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I present to you another book that grapples with graffiti. Unlike in Graffiti Girl by Kelly Parra, The Colour of Trouble by Gerry Bobsien and getting Up by SD Thorpe, here the main character is not the one involved in graffiti. She is an innocent bystander who comes to be embroiled in the whole issue when a piece featuring gorillas goes up on one of the school walls. This book then gave an outsider’s perspective on the issue.
Can Kate Morgan stand up for herself—without being labeled a snitch?
Kate is just as confused as her best friend, Lan, when she arrives at Cleary High to find the building’s been “tagged” with a life-size graffiti mural. Could the culprit be one of their friends or classmates? And is the kind-of-amazing creation really vandalism, or a work of art? She’s tempted to stay out of it—mostly because, as the police chief’s daughter, she’s worried about being labeled a snitch. But when the same mysterious graffiti starts appearing throughout the state, putting more pressure on the authorities to catch the vandal, her investigative instincts kick in.
Now Eli, Kate’s favorite coworker at the local coffee shop, is MIA. With Lan preoccupied with her own boy troubles, Kate needs to figure out some things on her own. Like why she can’t stop thinking about Eli. And what she will do when all the clues about the graffiti point to someone she’s close to…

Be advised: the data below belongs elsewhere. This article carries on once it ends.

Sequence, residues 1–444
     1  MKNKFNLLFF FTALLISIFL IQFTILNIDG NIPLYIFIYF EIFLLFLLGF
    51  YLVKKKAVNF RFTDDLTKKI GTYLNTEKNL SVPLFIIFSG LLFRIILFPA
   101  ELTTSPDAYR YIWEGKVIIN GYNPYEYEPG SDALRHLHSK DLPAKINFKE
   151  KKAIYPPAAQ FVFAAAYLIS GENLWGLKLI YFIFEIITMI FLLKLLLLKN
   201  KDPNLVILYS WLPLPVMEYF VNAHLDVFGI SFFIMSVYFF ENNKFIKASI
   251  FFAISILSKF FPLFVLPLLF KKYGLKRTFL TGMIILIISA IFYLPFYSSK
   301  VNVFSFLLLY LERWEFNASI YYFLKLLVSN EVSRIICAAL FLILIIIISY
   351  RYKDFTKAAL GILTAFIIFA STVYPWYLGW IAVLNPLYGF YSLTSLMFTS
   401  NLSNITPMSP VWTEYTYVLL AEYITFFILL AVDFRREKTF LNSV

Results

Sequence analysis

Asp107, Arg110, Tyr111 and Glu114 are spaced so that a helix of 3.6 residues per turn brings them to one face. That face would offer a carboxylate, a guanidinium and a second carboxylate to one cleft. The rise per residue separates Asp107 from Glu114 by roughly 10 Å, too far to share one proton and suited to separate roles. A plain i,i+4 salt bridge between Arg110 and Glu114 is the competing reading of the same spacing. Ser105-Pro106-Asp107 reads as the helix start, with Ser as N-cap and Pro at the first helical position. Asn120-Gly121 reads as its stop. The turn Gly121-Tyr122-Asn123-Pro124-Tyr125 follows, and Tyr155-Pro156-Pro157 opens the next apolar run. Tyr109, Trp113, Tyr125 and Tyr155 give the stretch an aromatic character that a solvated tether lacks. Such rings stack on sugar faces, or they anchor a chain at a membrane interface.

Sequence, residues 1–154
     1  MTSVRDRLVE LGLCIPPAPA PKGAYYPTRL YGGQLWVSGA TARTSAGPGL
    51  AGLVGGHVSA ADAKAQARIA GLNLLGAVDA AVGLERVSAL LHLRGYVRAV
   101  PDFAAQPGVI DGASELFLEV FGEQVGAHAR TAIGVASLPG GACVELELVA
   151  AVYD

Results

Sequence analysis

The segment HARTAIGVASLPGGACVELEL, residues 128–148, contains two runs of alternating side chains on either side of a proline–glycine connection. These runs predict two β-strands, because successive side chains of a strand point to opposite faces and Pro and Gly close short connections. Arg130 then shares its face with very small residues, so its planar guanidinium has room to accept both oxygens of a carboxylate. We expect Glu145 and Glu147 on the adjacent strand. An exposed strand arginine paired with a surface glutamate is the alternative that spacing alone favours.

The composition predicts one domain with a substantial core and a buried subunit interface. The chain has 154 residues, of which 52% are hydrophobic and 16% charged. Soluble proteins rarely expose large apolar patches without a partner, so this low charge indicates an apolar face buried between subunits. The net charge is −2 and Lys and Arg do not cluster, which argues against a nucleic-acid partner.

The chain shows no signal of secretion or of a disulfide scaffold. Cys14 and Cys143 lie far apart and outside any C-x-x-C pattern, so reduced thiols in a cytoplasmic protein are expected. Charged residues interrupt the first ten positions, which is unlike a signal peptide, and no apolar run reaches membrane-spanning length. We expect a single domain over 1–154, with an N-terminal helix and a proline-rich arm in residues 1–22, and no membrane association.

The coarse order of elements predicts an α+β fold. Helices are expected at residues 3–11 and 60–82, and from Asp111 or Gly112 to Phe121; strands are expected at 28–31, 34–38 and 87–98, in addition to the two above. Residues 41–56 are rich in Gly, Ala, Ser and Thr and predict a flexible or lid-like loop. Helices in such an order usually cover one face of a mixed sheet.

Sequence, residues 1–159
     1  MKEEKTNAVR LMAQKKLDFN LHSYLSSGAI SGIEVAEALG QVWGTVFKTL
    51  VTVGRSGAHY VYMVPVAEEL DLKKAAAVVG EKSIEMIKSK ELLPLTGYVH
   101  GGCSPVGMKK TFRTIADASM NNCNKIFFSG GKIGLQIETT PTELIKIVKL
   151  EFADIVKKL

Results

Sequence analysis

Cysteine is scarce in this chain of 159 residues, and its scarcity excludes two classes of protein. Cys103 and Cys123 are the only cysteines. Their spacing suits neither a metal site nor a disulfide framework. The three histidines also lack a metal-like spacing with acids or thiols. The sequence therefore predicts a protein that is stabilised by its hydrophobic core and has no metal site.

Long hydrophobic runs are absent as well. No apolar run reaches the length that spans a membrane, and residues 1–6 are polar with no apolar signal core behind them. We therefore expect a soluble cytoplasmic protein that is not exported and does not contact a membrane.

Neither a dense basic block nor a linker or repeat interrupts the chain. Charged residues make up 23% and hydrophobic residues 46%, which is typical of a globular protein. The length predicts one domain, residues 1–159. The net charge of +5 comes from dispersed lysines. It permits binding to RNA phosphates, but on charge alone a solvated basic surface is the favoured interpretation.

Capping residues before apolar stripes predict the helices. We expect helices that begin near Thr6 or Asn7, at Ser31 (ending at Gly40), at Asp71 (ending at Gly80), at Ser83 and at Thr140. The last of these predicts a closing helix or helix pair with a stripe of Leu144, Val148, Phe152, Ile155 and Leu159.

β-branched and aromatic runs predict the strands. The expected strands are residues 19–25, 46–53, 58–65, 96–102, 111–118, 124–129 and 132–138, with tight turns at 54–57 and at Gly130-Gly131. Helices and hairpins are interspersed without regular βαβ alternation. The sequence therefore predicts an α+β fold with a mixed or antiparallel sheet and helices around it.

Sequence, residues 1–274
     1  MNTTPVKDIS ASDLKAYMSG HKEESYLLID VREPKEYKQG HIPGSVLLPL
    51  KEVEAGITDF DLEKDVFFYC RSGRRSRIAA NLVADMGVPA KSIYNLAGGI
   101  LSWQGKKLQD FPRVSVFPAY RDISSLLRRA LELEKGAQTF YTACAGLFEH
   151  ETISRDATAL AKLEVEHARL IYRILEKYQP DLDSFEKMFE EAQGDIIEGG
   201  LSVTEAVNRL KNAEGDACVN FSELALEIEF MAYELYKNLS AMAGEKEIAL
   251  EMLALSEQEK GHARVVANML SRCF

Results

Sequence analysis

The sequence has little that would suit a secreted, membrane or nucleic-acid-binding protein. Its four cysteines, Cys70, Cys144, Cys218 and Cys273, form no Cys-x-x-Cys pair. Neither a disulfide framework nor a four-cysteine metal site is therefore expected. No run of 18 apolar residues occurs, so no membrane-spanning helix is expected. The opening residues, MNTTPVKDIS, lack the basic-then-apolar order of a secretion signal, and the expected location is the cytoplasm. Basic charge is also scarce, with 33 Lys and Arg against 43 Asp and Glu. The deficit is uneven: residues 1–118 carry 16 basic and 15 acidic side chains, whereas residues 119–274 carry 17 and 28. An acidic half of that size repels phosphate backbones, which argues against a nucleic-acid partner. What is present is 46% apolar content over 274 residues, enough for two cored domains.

Kate is the daughter of a cop, so she tries all the more to keep out of trouble. She and her dad have this understanding that neither of them will exchange information linking to any of the police investigations. This means that when her school becomes a target, she is not obliged to tell him anything she knows. Not that she knows much. She is in the dark just as much as everyone else.
Speculations run high as everyone wants to share their opinion. There is so much uproar that Kate’s history teacher allows for a 10-minute debate before each class. I thought that Mara Purnhagen did a good job of presenting the ambiguity between graffiti and art, and also of vandalism without coming across as favouring any stance.
In the course of the book, there were a lot of plot twists which kept the mystery alive almost to the last moment before the culprit is revealed. Of course I formed my own suspicions. They came pretty close for the most part until I realised that there was yet another twist. Given that Tagged is a pretty short book, I must say that it’s quite impressive that the plot wasn’t all that straightforward.
Lan, Kate’s best friend, also added some amusement although I couldn’t quite avoid picturing Lane from Gilmore Girls, even though Lan is Vietnamese while Lane is Korean. Clearly not the same. Maybe it’s just the names. Anyhow, for those who need a minimum dose of romance, no matter what book they read, Tagged serves it too. A love triangle that doesn’t even know it’s one until it’s too late, involving jealousy, drama and regret. I kind of wish Eli’s girlfriend wouldn’t have been part of the story to begin with but I suppose some drama on the side was needed to lengthen the already short book.
Quick read, solid writing, twisting plot. And graffiti! Good stuff but really, if it wasn’t for the graffiti and art aspects, I doubt I would have picked this up. It’s been a couple of weeks since I finished reading it, and I think Eli was the most memorable character because he had a lot more layers than Kate did. Kate seems rather plain, now that I try to recall who she was.